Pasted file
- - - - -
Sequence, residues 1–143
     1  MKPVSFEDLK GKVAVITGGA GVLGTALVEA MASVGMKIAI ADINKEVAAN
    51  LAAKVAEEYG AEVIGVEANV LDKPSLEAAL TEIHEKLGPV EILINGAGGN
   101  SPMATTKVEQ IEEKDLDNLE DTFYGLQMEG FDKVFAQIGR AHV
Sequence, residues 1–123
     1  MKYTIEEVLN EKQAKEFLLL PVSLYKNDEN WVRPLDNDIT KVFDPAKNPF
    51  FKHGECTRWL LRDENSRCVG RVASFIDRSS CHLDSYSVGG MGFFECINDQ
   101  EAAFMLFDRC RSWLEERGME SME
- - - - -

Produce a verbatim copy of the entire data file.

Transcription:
Sequence, residues 1–143
     1  MKPVSFEDLK GKVAVITGGA GVLGTALVEA MASVGMKIAI ADINKEVAAN
    51  LAAKVAEEYG AEVIGVEANV LDKPSLEAAL TEIHEKLGPV EILINGAGGN
   101  SPMATTKVEQ IEEKDLDNLE DTFYGLQMEG FDKVFAQIGR AHV
Sequence, residues 1–123
     1  MKYTIEEVLN EKQAKEFLLL PVSLYKNDEN WVRPLDNDIT KVFDPAKNPF
    51  FKHGECTRWL LRDENSRCVG RVASFIDRSS CHLDSYSVGG MGFFECINDQ
   101  EAAFMLFDRC RSWLEERGME SME